Conducted by Derek Royal
An Interview with R. Sikoryak about his Masterpiece Mini-Comics
In his 2009 collection of parodic adaptations, Masterpiece Comics (Drawn & Quarterly), R. Sikoryak uses the very history of comics itself as a springboard into the classics. He pairs the works of literature with specific comics characters, styles, or conventions that best represent the adapted text, letting the historical comic itself carry much of the message. In this way, Sikoryak is like a chameleon in his art, employing the styles of canonical comics artists to best suit the story being told. For example, in Masterpiece Comics, Sikoryak uses the bumbling exploits of Chic Young’s Blondie and Dagwood to retell the story of Adam and Eve in the Garden of Eden (“Blond Eve”); Charles Schulz’s perennially alienated Charlie Brown to adapt Kafka’s Metamorphosis (“Good ol’ Gregor Brown”); the horror styles of such EC Comics illustrators as Al Feldstein, Jack Davis, and Johnny Craig to retell Brontë’s Wuthering Heights (“The Crypt of Brontë”); John Stanley’s Little Lulu to bring out the comedy hidden in Hawthorne’s The Scarlet Letter (“Little Pearl”); the carefree and detached Ziggy to retell Voltaire’s Candide (“Candiggy…”); and the dark, double life of Bob Kane’s Batman to represent the tortured dilemmas in Crime and Punishment (“Dostoyevsky Comics”).
Earlier this year Sikoryak published a follow-up to his oversized 2009 collection, but this time the project saw light in a completely different format. Masterpiece Mini-Comics is a self-published mini-comic comprising five black-and-white adaptations taking on Homer, Euripides, Melville, Dickens, and the Bard himself. As he does in Masterpiece Comics, Sikoryak again pairs content with form, choosing the kind of comic that best brings out the underlying message, and absurdity, of the classic he’s adapting. Here, Odysseus’s story is translated through E. C. Segar’s Popeye (“I yam who I yam,” Popysseus responds to Penelope in disbelief), the vengeful Medea takes the form of Mell Lazarus’s Momma, the story of Hamlet is told through the kind of single-panel installments typical of Hank Ketcham’s Dennis the Menace, Scott Adams’s Dilbert turns Bartleby’s “I’d prefer not to” into an ongoing punch line, and (one of my favorites in the mini-comic) Great Expectations is morphed into Charles Atlas’s legendary ad: “The Expectations That Made a Gentleman Out of ‘Pip.’”
I recently had the pleasure of meeting Bob (as he asked me to call him), albeit virtually via email. We were both contributing work to a special “Humor in Hawthorne” issue of the scholarly journal, The Nathaniel Hawthorne Review. Bob was letting the journal reprint his “Little Pearl” strip from Masterpiece Comics, and I was contributing an essay on comics adaptations of Hawthorne’s narratives (including a brief discussion of “Little Pearl”). I contacted Bob to ask him about his Hawthorne parody, and our correspondence eventually evolved into a brief conversation about adaptation and his recent Masterpiece Mini-Comics. What follows is the interview resulting from that correspondence:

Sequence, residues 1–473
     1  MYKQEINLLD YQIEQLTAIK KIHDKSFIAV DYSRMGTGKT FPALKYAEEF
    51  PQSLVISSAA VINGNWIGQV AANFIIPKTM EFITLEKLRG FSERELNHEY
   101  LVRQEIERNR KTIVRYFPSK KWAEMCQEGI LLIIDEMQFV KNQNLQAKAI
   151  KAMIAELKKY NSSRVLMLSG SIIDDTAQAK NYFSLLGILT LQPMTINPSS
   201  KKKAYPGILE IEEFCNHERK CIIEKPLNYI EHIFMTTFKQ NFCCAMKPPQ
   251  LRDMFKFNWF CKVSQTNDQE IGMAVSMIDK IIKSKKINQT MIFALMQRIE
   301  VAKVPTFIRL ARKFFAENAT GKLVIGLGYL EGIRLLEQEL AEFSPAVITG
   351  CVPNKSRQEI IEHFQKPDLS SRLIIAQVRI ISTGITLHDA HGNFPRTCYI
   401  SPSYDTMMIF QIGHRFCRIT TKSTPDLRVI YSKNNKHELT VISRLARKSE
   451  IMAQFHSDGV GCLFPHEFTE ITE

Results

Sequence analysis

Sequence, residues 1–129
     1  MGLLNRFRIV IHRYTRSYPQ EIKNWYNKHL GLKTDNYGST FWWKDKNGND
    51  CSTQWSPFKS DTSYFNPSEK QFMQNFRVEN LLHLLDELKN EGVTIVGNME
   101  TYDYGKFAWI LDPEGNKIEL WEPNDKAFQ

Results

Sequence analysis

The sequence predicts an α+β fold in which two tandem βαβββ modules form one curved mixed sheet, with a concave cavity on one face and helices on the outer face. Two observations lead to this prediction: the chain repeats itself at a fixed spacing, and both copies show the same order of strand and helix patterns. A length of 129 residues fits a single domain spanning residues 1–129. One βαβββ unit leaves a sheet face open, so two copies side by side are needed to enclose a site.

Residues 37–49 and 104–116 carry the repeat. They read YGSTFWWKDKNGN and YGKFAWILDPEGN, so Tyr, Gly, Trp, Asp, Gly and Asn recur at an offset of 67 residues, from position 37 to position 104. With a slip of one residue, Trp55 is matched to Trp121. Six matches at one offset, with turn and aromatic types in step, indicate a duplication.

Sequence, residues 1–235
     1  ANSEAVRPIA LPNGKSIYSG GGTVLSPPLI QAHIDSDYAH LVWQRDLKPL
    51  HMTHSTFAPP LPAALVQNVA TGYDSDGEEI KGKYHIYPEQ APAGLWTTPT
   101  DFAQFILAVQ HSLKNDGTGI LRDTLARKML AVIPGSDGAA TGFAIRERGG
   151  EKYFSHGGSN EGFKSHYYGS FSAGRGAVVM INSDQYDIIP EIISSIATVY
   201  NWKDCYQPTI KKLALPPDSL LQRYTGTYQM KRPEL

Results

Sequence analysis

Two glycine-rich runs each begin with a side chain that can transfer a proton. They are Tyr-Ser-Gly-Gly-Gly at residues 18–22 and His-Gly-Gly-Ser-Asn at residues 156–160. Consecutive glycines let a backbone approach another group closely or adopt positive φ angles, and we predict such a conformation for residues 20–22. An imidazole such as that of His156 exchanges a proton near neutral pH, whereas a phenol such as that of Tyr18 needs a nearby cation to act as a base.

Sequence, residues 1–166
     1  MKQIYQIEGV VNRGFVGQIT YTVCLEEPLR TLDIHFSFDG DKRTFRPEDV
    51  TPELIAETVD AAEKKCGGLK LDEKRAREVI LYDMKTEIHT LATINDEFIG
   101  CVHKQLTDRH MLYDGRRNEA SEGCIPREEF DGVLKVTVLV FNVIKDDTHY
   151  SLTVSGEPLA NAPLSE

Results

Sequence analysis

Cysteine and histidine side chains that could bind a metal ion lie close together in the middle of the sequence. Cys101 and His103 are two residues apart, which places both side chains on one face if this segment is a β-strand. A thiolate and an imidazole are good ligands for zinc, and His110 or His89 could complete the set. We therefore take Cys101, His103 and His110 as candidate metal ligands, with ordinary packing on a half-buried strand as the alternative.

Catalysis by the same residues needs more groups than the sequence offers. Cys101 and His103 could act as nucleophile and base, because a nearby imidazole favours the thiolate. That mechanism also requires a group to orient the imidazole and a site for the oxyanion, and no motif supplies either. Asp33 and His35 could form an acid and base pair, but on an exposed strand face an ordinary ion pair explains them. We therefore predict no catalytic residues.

Derek Royal: How soon after publishing Masterpiece Comics did you begin conceiving of what became Masterpiece Mini-Comics?
R. Sikoryak: I was planning future comics adaptations even while putting together the Masterpiece Comics hardcover, and I was drawing “The Menace of Denmark” (reprinted in the mini) for Glenn Head’s Hotwire 3 anthology at the same time, in 2009.
DR: Why the choice to do the follow-up to the first book as a self-publilshed mini-comic?
RS: Mainly because I wanted to collect all the stories I’d drawn for various anthologies since Masterpiece Comics. It can be hard to track down my work — it appears in so many different newspapers, books, and magazines. I didn’t have enough pages for a bigger book yet, and I was amused by the idea of a miniature, unassuming sequel.
DR: Have you considered publishing the comics that appear in the mini-comic, and perhaps others, in another colored hardbound edition as you did with the original Drawn and Quarterly book? Do you have plans to do so in the future?
RS: My plan was always to do another colored hardbound edition, and when I have enough stories I definitely will.
DR: What kind of benefits, or even limitations, do you find in self-publishing in the mini-comic format?
RS: I’m a fan of the mini-comic format, but I’ve only created a few in my time. In this case, it was a lot of fun to conceive of the project and bring it to completion so quickly — especially since I’d already drawn all of pages. It’s also nice to be able to print copies as needed, but I don’t particularly enjoy all the stapling. I guess it can be a meditative act, if you approach it properly.
DR: How do you choose the classics works of literature you parody in your work? Are these some of your favorite works of literature, texts you may feel closest to or the most invested in?
RS: The classics I use are very dependent on the characters I use, and vice versa. What combinations work best together is ultimately the deciding factor. I generally try to use classics that are very well known or at least familiar to a wide audience. Occasionally I’ll use a story that particularly speaks to me, even if it’s not the most widely read, such as “Bartleby, the Scrivener.” Still, that’s Melville, and I remember discussing it in a high school English class, so I don’t feel like that’s totally obscure.